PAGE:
Paying international employees is not as simple as hiring in-country. The challenge? Every country has its own set of employment laws; compliance in your own country will not guarantee compliance across borders.
These laws address the length of the workweek, pay frequency, vacation policies, and more. Currency and exchange rates are also a factor in paying international talent. While the U.S. dollar is widely accepted in many countries, the fees that follow the exchange rate can be costly— causing your company to spend more than expected.
Here are some options your company can take to pay international employees in a convenient, compliant, cost-effective way.
One way to pay your overseas employees is by creating a subsidiary based in your employees’ countries of origin.
A subsidiary is a company operating overseas that is part of a larger parent or holding company with headquarters in another country. Foreign subsidiaries are separate legal entities and must observe local laws. They’re also responsible for their own assets and tax compliance.
Creating a subsidiary can be an effective solution for large companies with multiple foreign operations and employees who intend to do business in a foreign country long-term. However, this may not be a viable option for a smaller business as the overhead costs to create a subsidiary can be substantial.
Your company can start its own subsidiary from scratch or merge with an existing company in the country you intend to do business in. Some countries encourage foreign investment and make the legal process to set up a subsidiary simple—many even provide incentives such as tax breaks. Other countries discourage this model, making the process more challenging.
Finding a partner to do business within the foreign country of your choice is another way to create an international payroll for your remote employees.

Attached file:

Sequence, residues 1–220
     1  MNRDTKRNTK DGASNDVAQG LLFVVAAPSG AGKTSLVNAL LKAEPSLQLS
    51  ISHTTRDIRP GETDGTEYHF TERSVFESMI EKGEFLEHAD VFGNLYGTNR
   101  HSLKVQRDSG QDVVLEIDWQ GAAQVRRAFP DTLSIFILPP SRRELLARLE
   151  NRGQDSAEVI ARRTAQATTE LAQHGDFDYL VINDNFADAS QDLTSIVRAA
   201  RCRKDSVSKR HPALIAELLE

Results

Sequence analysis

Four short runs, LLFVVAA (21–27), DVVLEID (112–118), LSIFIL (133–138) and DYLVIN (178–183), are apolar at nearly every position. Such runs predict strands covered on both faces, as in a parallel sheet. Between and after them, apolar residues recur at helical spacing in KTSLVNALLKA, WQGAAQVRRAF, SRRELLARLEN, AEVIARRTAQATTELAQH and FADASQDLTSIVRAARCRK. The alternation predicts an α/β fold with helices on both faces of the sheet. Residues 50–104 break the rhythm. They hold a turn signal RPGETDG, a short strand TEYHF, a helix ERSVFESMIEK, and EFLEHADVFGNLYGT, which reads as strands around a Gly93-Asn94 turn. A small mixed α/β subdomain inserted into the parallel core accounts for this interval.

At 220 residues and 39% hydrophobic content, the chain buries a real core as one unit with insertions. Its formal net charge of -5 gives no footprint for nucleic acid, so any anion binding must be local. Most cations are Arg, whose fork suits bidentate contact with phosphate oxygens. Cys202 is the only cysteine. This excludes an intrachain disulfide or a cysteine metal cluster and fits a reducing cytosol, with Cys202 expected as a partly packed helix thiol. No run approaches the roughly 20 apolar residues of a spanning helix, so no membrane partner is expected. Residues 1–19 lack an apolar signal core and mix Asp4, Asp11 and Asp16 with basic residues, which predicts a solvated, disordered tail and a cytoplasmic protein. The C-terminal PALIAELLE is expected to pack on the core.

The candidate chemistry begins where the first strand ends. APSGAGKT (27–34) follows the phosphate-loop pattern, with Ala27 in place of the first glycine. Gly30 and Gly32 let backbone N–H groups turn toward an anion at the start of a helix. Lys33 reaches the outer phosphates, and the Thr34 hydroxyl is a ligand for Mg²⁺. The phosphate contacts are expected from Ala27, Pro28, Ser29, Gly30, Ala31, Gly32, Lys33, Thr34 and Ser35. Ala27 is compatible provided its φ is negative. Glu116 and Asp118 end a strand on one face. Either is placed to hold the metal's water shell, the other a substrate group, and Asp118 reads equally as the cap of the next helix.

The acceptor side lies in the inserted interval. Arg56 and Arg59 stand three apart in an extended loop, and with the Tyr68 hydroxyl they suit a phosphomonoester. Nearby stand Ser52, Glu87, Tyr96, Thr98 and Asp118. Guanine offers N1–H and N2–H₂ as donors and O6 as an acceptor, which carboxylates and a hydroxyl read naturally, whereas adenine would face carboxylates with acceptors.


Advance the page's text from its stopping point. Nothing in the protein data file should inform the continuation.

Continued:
In a partnership, individuals formally join together to run a domestic or international enterprise. Under the terms of their partnership agreement, each individual is responsible for the enterprise’s obligations while sharing its assets, profits, and liabilities.
In some countries, a limited partnership, or limited liability partnership (LLP), is easily available. An LLP may allow foreign partners and limit each participant’s liability for one another’s debts. Other countries place severe restrictions on partnerships if one of the participating partners is a foreigner.
A professional employer organization, or PEO, is also known as a co-employer. PEOs manage HR responsibilities for the employees of their client companies.
Hiring a PEO can help businesses comply with legal entities while giving their employees—both international and stateside—easy access to benefits like 401k, health insurance, and wellness. PEOs already have the necessary legal structure to handle employment, payroll, and immigration matters, making them a cheaper option than a subsidiary and ideal for small- and mid-sized businesses.
A PEO can be a good option for companies that want to test the market in a foreign country and don’t yet have the resources to set up a subsidiary.
An employer of record, or EOR, is a company that can employ workers on your organization’s behalf via a service agreement. Because an EOR is the legal employer of your workers on paper, it can hire workers in foreign countries for you.
An EOR also takes on the risks and responsibilities of an employer along with tasks such as payroll. While an EOR does offer the same HR services as a PEO, they take it one step further by assuming liability so your organization doesn’t have to.
For example, an EOR can register your business in each country you are located in and ensure compliance with all local labor laws. Your employees are also covered under EOR insurance regarding workers’ compensation and healthcare. Taking on those responsibilities makes the EOR liable for any compliance issues—not your organization.
Paying international employees is no simple matter. So, how do you decide which is best for your company?
That often depends on your business strategy. How long do you foresee your company’s presence in a foreign country? What resources do you have available? Do you want to seize growth opportunities immediately, or do you have time available to wait on legal processes to establish your company’s presence in the country?
Worca is also here to help you decide the best fit for your business. Request a call to learn more about how our innovative global HR platform can help you pay your international employees and build a cross-border team.
You can hire from everywhere and succeed anywhere with Worca’s Core HR Service Bundle localized by country. Your end-to-end employer of record (EOR) solutions easily and compliantly hire international talent is call or email away.